Used Toyota Sienta: From RM 70k, skip the 12-month wait for a new Alza with this quirky JDM MPV
Eric · Dec 29, 2022 02:10 PM
Introduced in Malaysia in 2016, the Toyota Sienta didn’t exactly get off a great start. Despite being manufactured in Indonesia and imported (CBU) to Malaysia, the ASEAN-spec Sienta is actually derived from a Japanese domestic market model, which explains its quirky exterior and funky interior.
And due to that, many Malaysians didn’t exactly welcome the Sienta with open arms. Yours truly knows this first-hand, as some family members wasn’t too receptive of the Sienta’s quirky exterior design.
But that was years ago, and things have changed. So much so that used units of the Sienta are now in demand.
When the Sienta was introduced here in 2016, UMW Toyota Motor offered two variants of the model, the 1.5 G and 1.5 V. Both variants are powered by a naturally-aspirated 1.5-litre 2NR-FE that outputs 107 PS and 140 Nm, mated to a CVT automatic transmission that drives the front wheels.
The base-spec Sienta 1.5 G offers halogen headlights, 15-inch silver-finished alloy wheels, regular LED tail lights, passenger-side power sliding door, and manual air-conditioning controls.
The top-spec 1.5 V offered features like automatic Bi-LED headlights, 16-inch dual-tone alloy wheels, keyless entry with push start button, acoustic windshield, and dual power-sliding doors.
Later in 2018, UMWT dropped the entry-level 1.5 G from the line-up, leaving the 1.5 V as the sole variant. At the same time, the 1.5 V also gained some improvements, namely a new 6.9-inch infotainment system, rear USB charging port, and removable trunk mat for the rear cargo area.
Which variant to get?
If your budget permits, aim for the Sienta 1.5 V variant, as it offers dual power-sliding doors. The lower 1.5 G variant only offers power sliding door on the passenger side.
Regardless of variant, all Sienta models sold in Malaysia offer 3 airbags (dual front, driver knee) and stability control.
Being a Toyota, there are hardly any major issues to speak of. That being said, we would highly recommend potential owners to shop for late model year examples, ie 2018 to 2019 examples, as these still have their 5-year warranty intact.
The warranty is necessary as Sienta owners have reported of the steering wheel material peeling off easily. In the grand scheme of things, this is a pretty minor issue and Toyota will rectify it under warranty.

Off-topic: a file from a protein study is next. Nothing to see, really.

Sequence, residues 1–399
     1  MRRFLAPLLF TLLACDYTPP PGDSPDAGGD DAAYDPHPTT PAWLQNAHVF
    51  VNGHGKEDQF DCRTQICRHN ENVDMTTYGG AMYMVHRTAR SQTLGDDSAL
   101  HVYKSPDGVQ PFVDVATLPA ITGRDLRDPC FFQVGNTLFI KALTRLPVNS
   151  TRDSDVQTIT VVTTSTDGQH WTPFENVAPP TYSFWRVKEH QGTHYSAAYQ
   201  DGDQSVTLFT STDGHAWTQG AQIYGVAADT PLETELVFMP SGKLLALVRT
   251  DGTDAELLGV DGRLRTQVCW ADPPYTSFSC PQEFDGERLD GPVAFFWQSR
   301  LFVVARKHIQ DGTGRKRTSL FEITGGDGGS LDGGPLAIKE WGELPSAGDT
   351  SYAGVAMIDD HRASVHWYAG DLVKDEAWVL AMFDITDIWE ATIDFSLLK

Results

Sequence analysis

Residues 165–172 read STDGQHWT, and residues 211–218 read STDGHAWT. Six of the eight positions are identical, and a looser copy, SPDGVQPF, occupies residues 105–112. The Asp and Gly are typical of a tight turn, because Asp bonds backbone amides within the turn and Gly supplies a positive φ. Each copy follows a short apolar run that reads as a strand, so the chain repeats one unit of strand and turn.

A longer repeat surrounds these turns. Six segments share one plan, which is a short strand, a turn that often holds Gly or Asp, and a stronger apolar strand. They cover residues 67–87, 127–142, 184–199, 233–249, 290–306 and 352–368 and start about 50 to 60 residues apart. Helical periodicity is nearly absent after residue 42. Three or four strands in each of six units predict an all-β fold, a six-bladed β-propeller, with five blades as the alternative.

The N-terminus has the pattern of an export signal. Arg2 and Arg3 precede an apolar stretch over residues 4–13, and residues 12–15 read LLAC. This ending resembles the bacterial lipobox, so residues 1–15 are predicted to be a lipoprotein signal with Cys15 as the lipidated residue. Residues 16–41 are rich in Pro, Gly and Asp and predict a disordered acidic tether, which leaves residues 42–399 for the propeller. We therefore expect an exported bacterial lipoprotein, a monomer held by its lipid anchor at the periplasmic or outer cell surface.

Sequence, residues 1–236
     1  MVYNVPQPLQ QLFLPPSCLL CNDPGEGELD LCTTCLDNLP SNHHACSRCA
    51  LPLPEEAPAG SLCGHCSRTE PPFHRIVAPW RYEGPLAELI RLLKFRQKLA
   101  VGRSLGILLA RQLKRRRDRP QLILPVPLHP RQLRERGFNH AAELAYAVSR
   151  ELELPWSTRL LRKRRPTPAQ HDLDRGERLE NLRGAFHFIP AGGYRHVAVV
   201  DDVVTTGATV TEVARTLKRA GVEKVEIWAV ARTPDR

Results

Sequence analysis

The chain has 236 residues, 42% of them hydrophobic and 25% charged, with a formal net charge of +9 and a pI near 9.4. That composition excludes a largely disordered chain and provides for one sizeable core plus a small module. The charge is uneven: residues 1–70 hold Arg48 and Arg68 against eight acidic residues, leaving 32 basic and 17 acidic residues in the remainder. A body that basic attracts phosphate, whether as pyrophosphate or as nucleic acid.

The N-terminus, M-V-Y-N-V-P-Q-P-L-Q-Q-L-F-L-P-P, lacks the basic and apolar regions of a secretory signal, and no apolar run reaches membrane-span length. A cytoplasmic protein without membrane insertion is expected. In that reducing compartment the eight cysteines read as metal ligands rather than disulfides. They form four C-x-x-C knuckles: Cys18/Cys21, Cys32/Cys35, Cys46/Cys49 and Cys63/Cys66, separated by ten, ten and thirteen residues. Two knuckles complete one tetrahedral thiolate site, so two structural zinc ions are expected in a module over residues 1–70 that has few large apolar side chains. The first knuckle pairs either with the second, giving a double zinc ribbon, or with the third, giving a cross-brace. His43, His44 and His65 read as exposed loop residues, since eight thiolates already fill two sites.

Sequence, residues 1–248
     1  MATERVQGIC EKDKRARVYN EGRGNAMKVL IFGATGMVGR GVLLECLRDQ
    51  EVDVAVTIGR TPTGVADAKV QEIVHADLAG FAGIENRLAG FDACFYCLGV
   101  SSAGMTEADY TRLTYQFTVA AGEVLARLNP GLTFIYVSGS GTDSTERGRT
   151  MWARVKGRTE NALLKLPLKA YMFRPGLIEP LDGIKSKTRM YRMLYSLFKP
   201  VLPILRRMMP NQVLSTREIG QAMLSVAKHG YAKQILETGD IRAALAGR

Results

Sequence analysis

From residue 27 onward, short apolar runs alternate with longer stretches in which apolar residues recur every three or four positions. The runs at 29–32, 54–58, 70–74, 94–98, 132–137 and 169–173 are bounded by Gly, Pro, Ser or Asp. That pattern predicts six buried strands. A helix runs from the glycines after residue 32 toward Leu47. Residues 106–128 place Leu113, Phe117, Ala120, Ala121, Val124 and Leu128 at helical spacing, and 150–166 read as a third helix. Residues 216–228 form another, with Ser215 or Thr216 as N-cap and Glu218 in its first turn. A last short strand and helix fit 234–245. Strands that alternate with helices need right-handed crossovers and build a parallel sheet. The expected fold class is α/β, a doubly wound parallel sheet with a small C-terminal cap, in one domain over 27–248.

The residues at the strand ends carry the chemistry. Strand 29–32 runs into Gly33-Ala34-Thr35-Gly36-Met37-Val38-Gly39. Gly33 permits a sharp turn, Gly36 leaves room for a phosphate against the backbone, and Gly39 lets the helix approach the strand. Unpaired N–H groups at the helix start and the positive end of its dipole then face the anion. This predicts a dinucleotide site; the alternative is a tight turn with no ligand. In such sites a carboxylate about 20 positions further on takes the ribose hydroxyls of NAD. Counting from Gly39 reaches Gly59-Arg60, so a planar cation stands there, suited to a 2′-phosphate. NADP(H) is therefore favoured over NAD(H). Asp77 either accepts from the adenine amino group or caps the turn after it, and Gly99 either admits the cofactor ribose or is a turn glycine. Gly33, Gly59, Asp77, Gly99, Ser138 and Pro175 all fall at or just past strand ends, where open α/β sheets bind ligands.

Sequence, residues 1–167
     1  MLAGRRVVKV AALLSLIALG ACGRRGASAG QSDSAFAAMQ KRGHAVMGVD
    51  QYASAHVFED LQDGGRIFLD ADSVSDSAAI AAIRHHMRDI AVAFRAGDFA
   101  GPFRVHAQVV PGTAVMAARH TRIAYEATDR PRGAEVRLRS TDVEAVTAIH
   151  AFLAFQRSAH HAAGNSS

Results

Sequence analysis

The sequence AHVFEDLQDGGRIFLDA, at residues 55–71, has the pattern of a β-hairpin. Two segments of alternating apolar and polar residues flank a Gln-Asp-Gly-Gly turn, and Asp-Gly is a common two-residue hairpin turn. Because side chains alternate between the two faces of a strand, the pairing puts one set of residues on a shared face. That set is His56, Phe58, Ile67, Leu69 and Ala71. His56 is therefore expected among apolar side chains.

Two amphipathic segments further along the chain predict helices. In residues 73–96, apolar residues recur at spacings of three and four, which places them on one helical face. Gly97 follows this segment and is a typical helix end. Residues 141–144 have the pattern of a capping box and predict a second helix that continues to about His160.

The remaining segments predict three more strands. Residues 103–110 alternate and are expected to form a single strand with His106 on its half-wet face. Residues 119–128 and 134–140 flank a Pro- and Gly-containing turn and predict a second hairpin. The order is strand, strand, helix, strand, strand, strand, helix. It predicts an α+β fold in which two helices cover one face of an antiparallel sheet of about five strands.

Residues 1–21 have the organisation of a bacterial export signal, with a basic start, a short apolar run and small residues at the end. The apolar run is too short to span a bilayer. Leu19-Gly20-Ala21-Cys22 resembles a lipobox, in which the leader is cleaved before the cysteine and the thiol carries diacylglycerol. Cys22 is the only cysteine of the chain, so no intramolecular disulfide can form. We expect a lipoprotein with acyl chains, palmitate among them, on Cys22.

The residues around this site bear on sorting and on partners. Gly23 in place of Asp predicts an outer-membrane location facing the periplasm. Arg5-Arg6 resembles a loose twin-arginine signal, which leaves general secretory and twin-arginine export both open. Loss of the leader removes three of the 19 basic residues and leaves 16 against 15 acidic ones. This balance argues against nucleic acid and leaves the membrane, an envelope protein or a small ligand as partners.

If the car isn’t under warranty, most accessory shops should be able to rewrap the steering wheel for RM 350 or so, though the final price is dependent on the material you choose.
In addition to that, some owners also reported of squeaking noises from the belt tensioner. Like the steering wheel material, Toyota will fix it under warranty. If you do opt for one that isn't covered by the warranty anymore, the tensioner will set you back in the region of RM 300 or so.
Lastly, owners have reported failure of the electric fan in the engine bay. This will cause the engine to overheat. Expect to fork out around RM 200 or so if you experience this and the warranty is already over.
Despite being rather unpopular when it was new, used units of the Toyota Sienta are in demand.
After all, while newer MPVs like the Alza are decked to the brim with features, it still relies on wide-opening rear doors for access to the third-row seats, while the Sienta and its twin powered sliding doors just makes things so much easier.
On top of that, the Sienta’s third-row seats can be tucked neatly under the second-row seats, giving it a full-flat cargo space. The same cannot be said for the Alza or its rivals.
While Malaysians will most likely miss out the all-new third-generation Sienta, a used one is still worth considering, especially if you don’t feel like waiting up to 12 months for a brand-new Alza.